At the conclusion of the evaluation period I prepared some recommendations for the sponsor (who had been actively involving in pulling the incentivisation leavers throughout). They weren’t what he wanted to hear initially, but once he sat down and thought about what I had to say he conceded not every problem can be solved through incentivisation alone.

The report concluded that the compliance paperwork burden of many specialist products was too great for it to be sufficiently incentivised in a bank branch. The staff just didn’t have the time (nor the interest) required to do this job well.

Therefore I recommended all specialist products such as mortgages, insurance, and financial planning be referred to a dedicated team of professionals who specialised in just that one product. This proved to be controversial at first, but several years on all the other leading retail banks appear to have adopted a similar approach… because it works!

I suggested that the relative amounts of the incentives be driven by that product’s anticipated profitability of that product. They should also be aligned with the bank’s business planning and marketing activities. There was no point promoting one product while incentivising another, the conflict of interest for the branch staff was obvious.

There were a bunch more data driven recommendations, but those were the relevant ones for today’s post.

So what?

What does this have to do with personal finance?

Much like the bank branch staff, we are all easily led and manipulated.

Firms constantly dangle carrots… loyalty programmes, frequent flyer miles, and the like.

It was recently tax season, and there were a ridiculous number of posts in the blogosphere talking up the paying of (often large) tax bills using reward earning credit cards. However hardly any of those posts actually ran the numbers to compare the relative costs of the 2-3% credit card surcharge versus the value of the reward points earned.

Using my own reward card (albeit a much less generous UK based one) each £1 spent earns a reward with a monetary value of £0.005. To pay a £10,000 tax bill using that card would therefore earn a £50 reward. Earning that reward would incur a surcharge of £300.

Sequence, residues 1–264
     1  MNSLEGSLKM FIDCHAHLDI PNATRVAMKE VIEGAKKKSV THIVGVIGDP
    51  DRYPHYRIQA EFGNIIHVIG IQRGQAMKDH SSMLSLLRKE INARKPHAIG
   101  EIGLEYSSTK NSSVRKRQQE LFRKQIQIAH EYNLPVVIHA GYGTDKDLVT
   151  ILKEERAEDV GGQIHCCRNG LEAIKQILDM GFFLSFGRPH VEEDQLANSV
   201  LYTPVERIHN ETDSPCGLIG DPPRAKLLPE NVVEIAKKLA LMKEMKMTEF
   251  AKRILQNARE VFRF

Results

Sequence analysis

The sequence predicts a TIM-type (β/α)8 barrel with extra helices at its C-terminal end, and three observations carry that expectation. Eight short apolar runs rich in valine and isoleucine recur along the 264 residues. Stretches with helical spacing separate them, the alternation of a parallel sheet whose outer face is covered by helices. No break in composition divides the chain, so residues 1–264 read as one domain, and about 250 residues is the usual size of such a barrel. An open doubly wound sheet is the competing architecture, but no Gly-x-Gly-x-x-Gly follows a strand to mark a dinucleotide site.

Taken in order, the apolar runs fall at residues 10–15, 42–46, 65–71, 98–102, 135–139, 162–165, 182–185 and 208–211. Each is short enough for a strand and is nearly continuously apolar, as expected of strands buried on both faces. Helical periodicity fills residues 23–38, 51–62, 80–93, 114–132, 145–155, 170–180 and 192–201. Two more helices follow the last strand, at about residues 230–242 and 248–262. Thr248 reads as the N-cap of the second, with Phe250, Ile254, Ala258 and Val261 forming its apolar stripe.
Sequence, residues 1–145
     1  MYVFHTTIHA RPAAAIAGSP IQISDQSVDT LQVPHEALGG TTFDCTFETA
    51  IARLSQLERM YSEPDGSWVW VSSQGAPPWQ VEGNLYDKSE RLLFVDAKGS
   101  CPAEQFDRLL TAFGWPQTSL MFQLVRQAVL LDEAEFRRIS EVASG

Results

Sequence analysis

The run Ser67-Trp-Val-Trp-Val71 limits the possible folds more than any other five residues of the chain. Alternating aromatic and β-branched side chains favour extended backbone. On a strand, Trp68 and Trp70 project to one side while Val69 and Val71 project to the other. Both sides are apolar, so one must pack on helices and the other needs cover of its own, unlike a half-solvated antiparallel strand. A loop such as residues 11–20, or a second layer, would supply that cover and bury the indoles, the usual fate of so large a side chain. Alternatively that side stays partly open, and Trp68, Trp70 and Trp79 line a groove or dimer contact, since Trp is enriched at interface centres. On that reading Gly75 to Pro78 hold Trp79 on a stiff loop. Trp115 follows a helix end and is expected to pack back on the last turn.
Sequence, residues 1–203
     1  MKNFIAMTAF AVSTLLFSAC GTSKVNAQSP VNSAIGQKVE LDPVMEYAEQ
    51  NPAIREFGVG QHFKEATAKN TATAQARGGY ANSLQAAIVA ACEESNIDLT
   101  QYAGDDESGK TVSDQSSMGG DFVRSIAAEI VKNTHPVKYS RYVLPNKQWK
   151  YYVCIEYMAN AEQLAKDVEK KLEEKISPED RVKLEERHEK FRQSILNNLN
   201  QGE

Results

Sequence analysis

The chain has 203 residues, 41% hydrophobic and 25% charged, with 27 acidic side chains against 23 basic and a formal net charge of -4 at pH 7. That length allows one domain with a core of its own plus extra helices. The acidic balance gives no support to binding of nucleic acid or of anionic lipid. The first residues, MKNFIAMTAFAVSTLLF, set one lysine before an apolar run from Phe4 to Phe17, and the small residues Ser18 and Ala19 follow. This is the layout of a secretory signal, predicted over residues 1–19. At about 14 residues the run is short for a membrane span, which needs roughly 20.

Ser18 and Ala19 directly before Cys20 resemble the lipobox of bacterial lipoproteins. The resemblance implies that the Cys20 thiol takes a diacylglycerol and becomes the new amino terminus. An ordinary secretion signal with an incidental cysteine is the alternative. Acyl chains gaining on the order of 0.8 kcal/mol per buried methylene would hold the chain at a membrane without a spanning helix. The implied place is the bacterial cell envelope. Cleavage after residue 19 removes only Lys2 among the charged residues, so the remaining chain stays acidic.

Doesn’t seem like such an amazing deal to me.

What about an airline reward card?

Paying that tax bill would earn 10,000 reward points... again at a cost of £300.

My reward points trip to Cuba earlier this year “cost” 45,000 reward points per return ticket.

Were that reward “earned” via surcharge incurring purchases such as tax bills it would require me to “spend” £45,000 plus a surcharge of £1,350 to pay for a ticket worth £550 (excluding the taxes which I had to pay in cash anyway).

That doesn’t seem like such a good deal either.

These reward schemes are certainly not the most generous or the most smartly used, but they are certainly representative of a common problem confronting all of us.

The moral of the story?

There is no such thing, despite what bloggers may tell you, as a free lunch. Trust, but verify, advice you receive... but always run the numbers to validate whether you’re receiving sage advice or being sold some complete and utter bullshit.

Much like the mindless acceptance of the "4% safe withdrawal rate", unquestioning acceptance of the merits of "travel hacking" should also be challenged. There are definitely times when doing it can result in a win, but there are many others where the blind pursuit of loyalty points will result in a sub-optimal outcome.